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These handy energy savers are great for both winter and summer. When ol’ man winter is beating down our doors, they keep the heat in and the drafts out. In the summer, they’re just as handy to help keep the cool air inside and the heat and humidity outside. They can also help reduce outside dust, noise, and odors. A Door Draft Guard would make a great housewarming (or “house-cooling” as the case may be) gift. But, remember, if your gift needs to be shipped, the filler can be quite heavy (we used dried beans). It would likely be better to just wrap up the outer covering. You could then include instructions in the gift box on how and with what to fill the tube. 

We used a colorful combination of home décor weight fabrics. It’s easy to customize the pairing to best match your or the gift recipient’s own interior design. A heavier weight fabric, such as home dec options, canvas, sturdy poly/cotton, or even a heavy flannel would all be good alternatives for this project. You want something that is washable as the cover has an invisible zipper that makes it easy to remove and launder.

As a filler, you can use dried navy beans as we did, or another weighty filler, such as dried peas or rice. We’ve read of people using kitty litter, and we considered aquarium gravel, but both seemed a bit too dusty for our liking.

An invisible zipper within the center of one side seam is what makes it possible to work with such a long, thin tube, which is enclosed on both ends. In addition, since the zipper is indeed invisible, there’s no problem with any exposed edges or teeth that could damage a floor. The zipper’s tiny pull is the only thing you see. Check out our Invisible Zipper Tutorial if you are new to the technique.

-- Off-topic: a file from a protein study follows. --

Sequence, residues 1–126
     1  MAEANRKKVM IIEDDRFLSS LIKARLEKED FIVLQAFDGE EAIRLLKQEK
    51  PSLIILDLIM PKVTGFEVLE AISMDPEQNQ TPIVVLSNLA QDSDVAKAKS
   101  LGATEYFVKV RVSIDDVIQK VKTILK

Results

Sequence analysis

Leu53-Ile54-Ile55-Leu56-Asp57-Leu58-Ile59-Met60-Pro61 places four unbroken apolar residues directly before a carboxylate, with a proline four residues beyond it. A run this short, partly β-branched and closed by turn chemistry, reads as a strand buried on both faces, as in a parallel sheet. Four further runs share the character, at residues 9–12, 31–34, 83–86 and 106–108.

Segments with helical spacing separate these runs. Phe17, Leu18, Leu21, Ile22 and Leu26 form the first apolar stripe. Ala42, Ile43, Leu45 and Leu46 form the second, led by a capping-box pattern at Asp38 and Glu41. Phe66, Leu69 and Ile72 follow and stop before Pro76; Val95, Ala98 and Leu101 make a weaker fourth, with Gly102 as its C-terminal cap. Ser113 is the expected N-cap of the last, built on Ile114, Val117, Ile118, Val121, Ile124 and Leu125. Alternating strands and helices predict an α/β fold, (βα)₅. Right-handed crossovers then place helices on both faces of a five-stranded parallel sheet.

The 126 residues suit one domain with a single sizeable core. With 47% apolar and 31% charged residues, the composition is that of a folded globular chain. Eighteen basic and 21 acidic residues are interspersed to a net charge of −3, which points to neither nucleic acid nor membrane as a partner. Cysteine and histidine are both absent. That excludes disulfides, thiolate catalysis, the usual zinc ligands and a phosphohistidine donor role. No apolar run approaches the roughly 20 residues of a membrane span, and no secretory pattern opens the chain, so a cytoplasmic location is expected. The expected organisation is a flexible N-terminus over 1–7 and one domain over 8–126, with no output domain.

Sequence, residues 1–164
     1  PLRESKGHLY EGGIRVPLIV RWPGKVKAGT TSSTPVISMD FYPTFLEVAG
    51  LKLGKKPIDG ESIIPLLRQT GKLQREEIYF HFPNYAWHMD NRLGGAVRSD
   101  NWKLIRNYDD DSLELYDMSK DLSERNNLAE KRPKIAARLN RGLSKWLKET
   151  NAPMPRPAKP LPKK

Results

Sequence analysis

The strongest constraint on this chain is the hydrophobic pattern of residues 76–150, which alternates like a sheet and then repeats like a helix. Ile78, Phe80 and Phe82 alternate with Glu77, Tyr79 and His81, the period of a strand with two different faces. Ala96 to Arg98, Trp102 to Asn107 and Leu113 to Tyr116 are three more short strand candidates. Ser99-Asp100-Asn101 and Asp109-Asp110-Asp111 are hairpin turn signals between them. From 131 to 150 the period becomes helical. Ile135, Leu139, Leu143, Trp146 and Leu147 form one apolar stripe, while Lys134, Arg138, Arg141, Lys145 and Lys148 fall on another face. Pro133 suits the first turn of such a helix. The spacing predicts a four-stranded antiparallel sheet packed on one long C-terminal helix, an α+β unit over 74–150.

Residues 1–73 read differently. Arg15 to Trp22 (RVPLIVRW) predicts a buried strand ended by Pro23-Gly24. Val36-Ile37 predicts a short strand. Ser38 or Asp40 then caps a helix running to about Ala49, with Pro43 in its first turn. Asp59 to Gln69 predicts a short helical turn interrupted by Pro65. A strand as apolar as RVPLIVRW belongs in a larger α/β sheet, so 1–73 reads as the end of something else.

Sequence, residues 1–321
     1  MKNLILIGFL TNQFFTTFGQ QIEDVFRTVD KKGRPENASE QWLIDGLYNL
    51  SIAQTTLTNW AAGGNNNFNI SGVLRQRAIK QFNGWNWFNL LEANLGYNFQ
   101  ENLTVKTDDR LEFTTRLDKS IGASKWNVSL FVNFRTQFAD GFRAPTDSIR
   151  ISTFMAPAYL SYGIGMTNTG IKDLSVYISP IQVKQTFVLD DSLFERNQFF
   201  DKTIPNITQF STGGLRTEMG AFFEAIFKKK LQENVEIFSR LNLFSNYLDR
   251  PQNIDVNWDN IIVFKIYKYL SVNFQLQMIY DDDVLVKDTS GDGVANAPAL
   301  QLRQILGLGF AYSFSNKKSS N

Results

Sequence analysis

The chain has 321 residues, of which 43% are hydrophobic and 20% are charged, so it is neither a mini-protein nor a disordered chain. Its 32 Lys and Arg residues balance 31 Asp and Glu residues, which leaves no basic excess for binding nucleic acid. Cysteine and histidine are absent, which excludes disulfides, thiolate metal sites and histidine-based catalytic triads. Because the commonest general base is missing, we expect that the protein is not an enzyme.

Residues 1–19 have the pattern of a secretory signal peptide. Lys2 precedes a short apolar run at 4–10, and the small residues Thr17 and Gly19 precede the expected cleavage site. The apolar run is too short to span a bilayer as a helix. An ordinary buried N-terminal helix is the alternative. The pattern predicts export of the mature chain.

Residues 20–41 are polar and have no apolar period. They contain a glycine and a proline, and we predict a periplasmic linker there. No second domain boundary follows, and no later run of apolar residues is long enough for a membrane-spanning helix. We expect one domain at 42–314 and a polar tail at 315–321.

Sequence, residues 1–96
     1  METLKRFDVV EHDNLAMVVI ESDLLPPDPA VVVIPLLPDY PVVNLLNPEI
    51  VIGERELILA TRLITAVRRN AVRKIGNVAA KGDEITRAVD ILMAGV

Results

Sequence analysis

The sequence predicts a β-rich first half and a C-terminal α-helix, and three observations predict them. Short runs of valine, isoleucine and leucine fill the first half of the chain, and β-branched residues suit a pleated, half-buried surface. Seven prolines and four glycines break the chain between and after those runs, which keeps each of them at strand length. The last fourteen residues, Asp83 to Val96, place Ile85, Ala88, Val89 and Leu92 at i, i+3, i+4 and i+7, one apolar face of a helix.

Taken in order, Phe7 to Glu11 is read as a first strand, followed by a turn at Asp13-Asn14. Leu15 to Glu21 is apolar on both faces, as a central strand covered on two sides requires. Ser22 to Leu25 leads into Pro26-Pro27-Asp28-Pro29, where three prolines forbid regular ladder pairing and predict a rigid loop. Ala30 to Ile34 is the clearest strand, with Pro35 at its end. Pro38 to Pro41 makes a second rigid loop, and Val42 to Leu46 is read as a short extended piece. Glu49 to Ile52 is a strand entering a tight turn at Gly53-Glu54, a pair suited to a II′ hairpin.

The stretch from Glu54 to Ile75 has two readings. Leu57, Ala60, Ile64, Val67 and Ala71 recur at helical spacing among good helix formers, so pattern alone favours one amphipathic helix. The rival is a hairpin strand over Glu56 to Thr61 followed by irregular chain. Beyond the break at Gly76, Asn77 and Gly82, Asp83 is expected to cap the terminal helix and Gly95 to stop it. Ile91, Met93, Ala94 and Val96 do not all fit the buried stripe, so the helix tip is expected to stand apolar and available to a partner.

We used a standard 36″ door to size our sample. The finished length is approximately 38″ and the diameter is 4″.  If your door is larger or smaller, add or subtract the difference to the cuts shown below.

Our Door Draft Guard is meant to finish like a long, skinny bean bag. It should not be stuffed too full or too taut. For the best in draft-blocking power, you need to be able to mold the guard along the bottom of the door. The “pillow type” blockers you often find in stores are not nearly as effective because they never sit tightly enough across the entire width of the door.